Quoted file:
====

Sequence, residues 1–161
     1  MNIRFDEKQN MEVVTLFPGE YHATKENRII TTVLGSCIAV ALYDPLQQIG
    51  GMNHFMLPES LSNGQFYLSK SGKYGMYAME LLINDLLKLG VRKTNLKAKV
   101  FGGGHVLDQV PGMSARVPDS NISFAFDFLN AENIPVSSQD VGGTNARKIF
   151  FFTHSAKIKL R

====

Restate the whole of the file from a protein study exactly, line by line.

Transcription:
Sequence, residues 1–161
     1  MNIRFDEKQN MEVVTLFPGE YHATKENRII TTVLGSCIAV ALYDPLQQIG
    51  GMNHFMLPES LSNGQFYLSK SGKYGMYAME LLINDLLKLG VRKTNLKAKV
   101  FGGGHVLDQV PGMSARVPDS NISFAFDFLN AENIPVSSQD VGGTNARKIF
   151  FFTHSAKIKL R